What if President Bhandari refuses to authenticate the citizenship bill?Those the head of state has consulted of late say that is not at all a far-fetched possibility given her ‘bruised ego’.
Chairman of the CPN (Maoist Centre) Pushpa Kamal Dahal, a key leader of the five-party ruling coalition, warned on Monday that parties would knock on the court’s door if the President refused to authenticate the amendment bill on Citizenship Act.
While addressing reporters in Janakpur on Monday Dahal acknowledged that the President had the right to return the bill once—but no more. He is therefore hopeful that she will authenticate it this time.
“But if she refuses, we will go to court,” Dahal said.
The recent activities of President Bidya Devi Bhandari who had returned the bill to the Parliament after sitting on it for 14 days, say observers, suggests she sees the issue of its endorsement unchanged as an affront to her ego.
On August 14, President Bhandari had returned the amendment bill to the House of Representatives for a review with her 15-point concerns and suggestions.
There is growing concern that Bhandari may not authenticate the bill. Of late, she has been consulting legal experts on whether or not she should.
Some legal experts who have met President Bhandari have said she has been in consultations with various experts ever since the bill was sent to her for authentication for the first time.
“I met the President twice before the bill was forwarded to her for the second time,” said Bhimarjun Acharya, advocate and constitutional expert. “I told the President she had only two options after the bill was again endorsed by both the Houses – either to authenticate it or resign her post. There wouldn’t be a third option.”
Article 113 (3) states that except in the case of a Finance bill, if the President is satisfied that a bill needs reconsideration, it may be sent back to the House where it originated along with a message information within 15 days of receiving it.
But she will have no option, as per the constitutional provisions, to authenticating the bill if both the Houses endorse it–with or even without changes.
Article 113 (4) says if the President sends back a bill with a message and if both the Houses reconsider the bill as it was presented or with amendments, and pass it and present it again to the President, the bill shall be certified by the President within 15 days of its submission.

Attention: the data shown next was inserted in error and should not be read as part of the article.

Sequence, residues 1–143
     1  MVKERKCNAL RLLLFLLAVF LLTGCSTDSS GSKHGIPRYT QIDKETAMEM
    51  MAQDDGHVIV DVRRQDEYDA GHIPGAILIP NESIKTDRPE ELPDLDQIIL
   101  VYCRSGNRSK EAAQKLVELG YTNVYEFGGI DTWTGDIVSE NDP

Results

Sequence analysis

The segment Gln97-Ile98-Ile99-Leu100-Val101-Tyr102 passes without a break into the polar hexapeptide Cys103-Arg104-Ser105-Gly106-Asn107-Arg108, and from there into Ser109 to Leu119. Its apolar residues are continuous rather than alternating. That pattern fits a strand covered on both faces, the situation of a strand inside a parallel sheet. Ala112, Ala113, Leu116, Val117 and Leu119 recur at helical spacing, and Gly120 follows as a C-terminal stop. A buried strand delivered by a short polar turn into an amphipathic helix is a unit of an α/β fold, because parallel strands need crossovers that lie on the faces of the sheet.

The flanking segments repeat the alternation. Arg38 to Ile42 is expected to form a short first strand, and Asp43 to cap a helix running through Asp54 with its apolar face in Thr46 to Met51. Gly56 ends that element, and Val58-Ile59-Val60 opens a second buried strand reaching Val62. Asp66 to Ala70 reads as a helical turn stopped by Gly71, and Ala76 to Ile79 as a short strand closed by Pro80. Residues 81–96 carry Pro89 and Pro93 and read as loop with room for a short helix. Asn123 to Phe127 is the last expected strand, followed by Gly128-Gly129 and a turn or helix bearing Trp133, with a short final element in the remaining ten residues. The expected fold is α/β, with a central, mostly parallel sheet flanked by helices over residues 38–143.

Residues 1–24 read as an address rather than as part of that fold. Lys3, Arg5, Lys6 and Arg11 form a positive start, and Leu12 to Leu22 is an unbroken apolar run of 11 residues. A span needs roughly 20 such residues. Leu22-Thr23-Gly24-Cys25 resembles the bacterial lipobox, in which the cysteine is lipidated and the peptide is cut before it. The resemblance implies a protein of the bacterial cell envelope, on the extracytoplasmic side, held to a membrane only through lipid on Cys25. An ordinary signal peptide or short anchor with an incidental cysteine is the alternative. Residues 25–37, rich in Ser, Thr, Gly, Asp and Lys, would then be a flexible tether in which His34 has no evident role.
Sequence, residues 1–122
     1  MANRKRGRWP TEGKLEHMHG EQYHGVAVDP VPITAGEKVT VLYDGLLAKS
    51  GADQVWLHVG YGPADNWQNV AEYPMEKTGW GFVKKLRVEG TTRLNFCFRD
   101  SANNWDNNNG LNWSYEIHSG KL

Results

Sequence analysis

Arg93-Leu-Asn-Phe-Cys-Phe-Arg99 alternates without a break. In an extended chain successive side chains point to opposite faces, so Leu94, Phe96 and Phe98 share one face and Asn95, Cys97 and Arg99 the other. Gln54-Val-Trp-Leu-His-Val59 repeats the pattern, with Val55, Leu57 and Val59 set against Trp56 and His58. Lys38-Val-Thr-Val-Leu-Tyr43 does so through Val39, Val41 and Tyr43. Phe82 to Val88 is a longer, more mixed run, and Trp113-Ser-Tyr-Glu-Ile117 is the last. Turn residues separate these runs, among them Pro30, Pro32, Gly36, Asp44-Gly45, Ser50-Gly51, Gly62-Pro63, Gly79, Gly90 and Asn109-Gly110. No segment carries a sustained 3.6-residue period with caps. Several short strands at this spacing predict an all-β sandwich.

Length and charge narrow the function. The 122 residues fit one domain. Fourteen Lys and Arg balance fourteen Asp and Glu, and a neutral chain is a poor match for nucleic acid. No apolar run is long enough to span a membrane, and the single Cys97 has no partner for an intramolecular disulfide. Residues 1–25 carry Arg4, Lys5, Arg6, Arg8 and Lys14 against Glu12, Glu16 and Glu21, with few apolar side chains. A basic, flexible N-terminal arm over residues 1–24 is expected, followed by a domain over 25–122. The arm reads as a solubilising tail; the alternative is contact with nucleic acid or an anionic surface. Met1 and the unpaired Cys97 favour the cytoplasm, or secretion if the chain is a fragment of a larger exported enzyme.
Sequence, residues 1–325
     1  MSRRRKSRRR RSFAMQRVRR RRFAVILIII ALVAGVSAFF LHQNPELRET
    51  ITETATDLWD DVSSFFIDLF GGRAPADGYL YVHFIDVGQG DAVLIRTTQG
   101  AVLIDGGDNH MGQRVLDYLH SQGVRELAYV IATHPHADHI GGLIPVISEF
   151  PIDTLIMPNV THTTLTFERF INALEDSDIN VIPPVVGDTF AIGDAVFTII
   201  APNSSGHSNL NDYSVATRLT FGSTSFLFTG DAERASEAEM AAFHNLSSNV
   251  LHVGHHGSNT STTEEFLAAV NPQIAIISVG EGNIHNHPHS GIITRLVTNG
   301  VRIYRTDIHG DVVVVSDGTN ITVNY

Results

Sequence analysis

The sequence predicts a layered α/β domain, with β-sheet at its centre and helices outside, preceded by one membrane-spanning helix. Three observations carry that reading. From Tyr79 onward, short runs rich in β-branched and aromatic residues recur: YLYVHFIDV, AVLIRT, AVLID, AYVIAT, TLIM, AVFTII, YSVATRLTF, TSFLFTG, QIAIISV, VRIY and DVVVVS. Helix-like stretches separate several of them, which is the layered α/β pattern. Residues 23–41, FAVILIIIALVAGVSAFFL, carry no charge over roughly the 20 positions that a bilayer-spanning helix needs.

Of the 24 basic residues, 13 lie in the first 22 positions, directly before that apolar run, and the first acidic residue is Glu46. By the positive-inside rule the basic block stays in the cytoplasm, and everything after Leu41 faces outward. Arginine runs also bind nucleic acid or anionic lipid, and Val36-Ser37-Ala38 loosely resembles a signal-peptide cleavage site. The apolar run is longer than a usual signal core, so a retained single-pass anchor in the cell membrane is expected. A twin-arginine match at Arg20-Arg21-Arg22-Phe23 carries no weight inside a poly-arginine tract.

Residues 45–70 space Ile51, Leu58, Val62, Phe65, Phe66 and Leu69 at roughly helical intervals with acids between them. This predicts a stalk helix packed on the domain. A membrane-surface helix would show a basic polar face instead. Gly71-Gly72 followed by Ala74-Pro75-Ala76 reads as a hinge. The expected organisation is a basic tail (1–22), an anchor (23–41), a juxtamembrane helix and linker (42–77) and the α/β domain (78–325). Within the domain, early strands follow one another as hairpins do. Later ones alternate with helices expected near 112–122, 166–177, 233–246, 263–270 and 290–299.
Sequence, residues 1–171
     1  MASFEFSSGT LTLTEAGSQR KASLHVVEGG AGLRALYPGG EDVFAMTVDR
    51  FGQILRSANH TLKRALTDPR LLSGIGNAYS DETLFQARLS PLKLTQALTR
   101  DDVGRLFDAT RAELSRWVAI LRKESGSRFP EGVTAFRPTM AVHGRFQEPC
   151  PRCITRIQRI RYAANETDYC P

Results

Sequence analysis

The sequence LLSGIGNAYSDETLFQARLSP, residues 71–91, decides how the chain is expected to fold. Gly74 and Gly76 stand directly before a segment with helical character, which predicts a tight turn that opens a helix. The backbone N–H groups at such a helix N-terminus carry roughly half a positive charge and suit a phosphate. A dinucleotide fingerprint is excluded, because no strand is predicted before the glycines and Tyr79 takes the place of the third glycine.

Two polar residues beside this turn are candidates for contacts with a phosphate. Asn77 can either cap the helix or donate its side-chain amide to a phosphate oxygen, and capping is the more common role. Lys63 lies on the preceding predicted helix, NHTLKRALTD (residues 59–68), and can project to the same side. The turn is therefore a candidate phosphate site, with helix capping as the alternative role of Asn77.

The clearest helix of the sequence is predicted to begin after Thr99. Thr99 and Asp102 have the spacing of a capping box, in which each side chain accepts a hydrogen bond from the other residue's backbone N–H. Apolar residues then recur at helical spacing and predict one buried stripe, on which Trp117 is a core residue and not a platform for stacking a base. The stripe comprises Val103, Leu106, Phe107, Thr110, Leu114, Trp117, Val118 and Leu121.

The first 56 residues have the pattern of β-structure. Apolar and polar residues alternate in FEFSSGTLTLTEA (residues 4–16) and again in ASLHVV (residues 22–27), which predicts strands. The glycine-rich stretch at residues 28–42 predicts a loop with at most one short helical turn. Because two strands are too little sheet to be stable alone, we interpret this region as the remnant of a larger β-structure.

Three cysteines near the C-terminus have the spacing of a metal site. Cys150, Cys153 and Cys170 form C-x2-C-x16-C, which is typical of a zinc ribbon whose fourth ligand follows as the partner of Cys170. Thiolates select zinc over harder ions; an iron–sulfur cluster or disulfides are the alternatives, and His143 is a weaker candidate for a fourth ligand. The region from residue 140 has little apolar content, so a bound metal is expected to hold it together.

Some political analysts said it was wrong on the part of the President to invite the leaders of the political parties and express her concerns as the constitution does not allow any room for such activism.
Though some legal experts have offered suggestions to the President, others have refused to meet her.
According to Anup Raj Sharma, a former chief justice, he was invited for consultation on Sunday while another former chief justices Kalyan Shrestha and Min Bahadur Rayamajhi were also invited on Sunday.
“I refused to see the President for consultations,” Sharma told the Post.
Another former chief justice Shrestha, however, refused to comment and only said the President should be mindful that her actions do not impinge on the public image of her institution.
Experts who have met her on the issue of the citizenship bill claim that the President will neither endorse the bill in its existing form nor resign because there is no ‘clear provision’ in the constitution as to what will happen if she doesn’t authenticate the bill.
The experts whom President had met also claimed that she has already hinted to the leaders of the major political parties including the prime minister and the leaders including Dahal and CPN (Unified Socialist) Chairman Madhav Kumar Nepal that she will not authenticate the bill in its existing form.
President Bhandari had met top leaders of all major parties after the House of Representatives passed the citizenship bill she had returned within a day.
“After my meeting with the President, what I feel is that there is no possibility of authentication of the citizenship bill in its existing form,” said Dev Prakash Tripathi, a senior journalist, who had met the President on Sunday. “She feels some people the constitution does not even recognize decided that they would resend the bill without change.”
“The President has a strong feeling that authenticating this bill in its existing form is against national interest,” Tripathi said.
Article 113 (5) of the constitution states that the bill will become law once it is authenticated by the President.
A former brigadier general of Nepal Army, Prem Singh Basnyat, who was one of the retired army officers who met her two weeks ago, said President Bhandari was determined not to endorse the bill without changes–even if she had to quit her position.
“I found her very confident and determined on her stand not to authenticate the bill as it is,” Basnyat, who had also met the President personally, told the Post. “Even if it meant she would have to resign.”
Despite Maoist chairman Dahal threatening to take the legal route, it may take the court a long time to hear the case.
Former justice of the Supreme Court Balaram KC said the President will invite confrontation if she refuses to authenticate the bill and will most probably face an impeachment.
“If she [President] refuses to authenticate the bill, she will not only breach the rule of law and constitutionalism but also invite political chaos,” said KC.
Though the President will not be suspended if the political parties register an impeachment motion, she could be politically disgraced before her term expires.
Narayan Kaji Shrestha, senior vice-chair of the CPN (Maoist Centre), however, said the ruling parties have not even imagined a situation of the President not authenticating the bill “as she has no constitutional ground to do so.”